Lean Architecture: Form and Function
Agile Architecture is not Fragile Architecture
Agile Architecture is not Fragile Architecture!
There is a popular misconception that Agile development means not doing architecture, yet every major school of Agile practice advocates architecture. You can do a great Agile architecture in one week or in a single sprint, and overwhelming industry experience with Scrum bears out a return on investment before the end of your third sprint! In this course, designed as a one-day addendum to the Scrum course, we'll teach you how great projects do architecture the Agile way.
The first part of architecture is the form of what the system is. By focusing on form and delivering the architecture as code, instead of through a wasteful intermediate notation, a project can increase its velocity and prepare itself for just-in-time delivery. Features can be delivered faster by applying Lean principles.
The second part of architecture is the form of what the system does. This architecture several important end-user mental models. Architecture usually captures the end user's domain model, as we did above in "what the system is." Beyond that are four more mental models: the roles taken on by those domain objects; the mapping from those roles to the objects they wrap; the collaboration structure between the roles; and the algorithm encapsulated in the roles.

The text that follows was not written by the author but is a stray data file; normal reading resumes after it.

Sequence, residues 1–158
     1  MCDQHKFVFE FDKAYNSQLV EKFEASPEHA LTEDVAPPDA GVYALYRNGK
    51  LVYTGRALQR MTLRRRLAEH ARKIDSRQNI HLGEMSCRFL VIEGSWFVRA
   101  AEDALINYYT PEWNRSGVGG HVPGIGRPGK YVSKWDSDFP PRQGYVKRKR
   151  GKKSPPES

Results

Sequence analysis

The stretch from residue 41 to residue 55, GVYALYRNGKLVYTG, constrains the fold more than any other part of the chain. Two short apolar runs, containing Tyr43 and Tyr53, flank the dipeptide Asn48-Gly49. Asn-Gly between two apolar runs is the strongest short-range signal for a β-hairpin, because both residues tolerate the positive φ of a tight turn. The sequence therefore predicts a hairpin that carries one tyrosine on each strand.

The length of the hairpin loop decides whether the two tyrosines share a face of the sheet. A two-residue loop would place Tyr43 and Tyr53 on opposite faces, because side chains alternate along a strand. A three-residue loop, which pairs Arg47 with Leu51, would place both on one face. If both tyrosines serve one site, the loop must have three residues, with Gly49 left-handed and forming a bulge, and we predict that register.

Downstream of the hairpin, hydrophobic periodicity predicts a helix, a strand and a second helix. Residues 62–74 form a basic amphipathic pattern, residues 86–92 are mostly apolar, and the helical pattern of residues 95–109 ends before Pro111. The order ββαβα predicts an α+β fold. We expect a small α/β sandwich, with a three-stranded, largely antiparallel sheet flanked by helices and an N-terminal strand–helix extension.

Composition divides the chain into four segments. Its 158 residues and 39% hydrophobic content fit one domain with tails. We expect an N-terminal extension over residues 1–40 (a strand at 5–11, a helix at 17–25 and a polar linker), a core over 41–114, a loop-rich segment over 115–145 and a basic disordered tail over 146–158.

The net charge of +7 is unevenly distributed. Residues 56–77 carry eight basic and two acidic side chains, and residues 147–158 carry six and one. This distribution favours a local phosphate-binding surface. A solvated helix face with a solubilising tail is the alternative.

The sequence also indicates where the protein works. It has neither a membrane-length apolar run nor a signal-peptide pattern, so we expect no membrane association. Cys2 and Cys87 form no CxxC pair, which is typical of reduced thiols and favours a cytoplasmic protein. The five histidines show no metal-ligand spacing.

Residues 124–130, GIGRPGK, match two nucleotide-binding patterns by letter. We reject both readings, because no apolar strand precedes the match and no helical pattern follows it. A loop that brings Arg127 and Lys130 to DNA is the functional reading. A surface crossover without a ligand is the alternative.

The course focuses in interactive systems and draws from a broad range of sources including Trygve Reenskaug's work on architectural underpinnings of MVC and his new work on the DCI architecture, Jim Coplien's lightweight domain analysis, dressed-down Use Cases, CRC cards, and role-basesd development. The course is for architects, designers, and programmers, and is programming-language neutral. This course is a compressed overview of Lean Architecture and Implementing Agile Requirements.
System and software architects;
White-box /clear-box testers;
User experience folks (there is an important and surprising relationship between HCI and architecture in an Agile system);
To a lesser degree, ScrumMasters and Product Owners (wouldn't it be nice to know where architectural PBIs come from and where they go?)
Familiarity with Agile vocabulary;
At least two years of professional experience in some domain;
Competence in a modern mainstream programming language (Java, C#, or C++)
Why architecture is perhaps more crucial to Agile development than to conventional development;
How to adapt Agile techniques so that they are supported by a good architecture, rather than doing damage to the architecture
How to sustain a business object architecture and domain object architecture that support each other
An overall development framework that reduces cost and has prospects for increasing revenues
How to reduce risk with eager decision-making strategies
Trygve Reenskaug's new framework for capturing requirements in code: Data, Context and Interaction (DCI)
Why User Stories are not enough, and what you need to understand the important relationships between requirements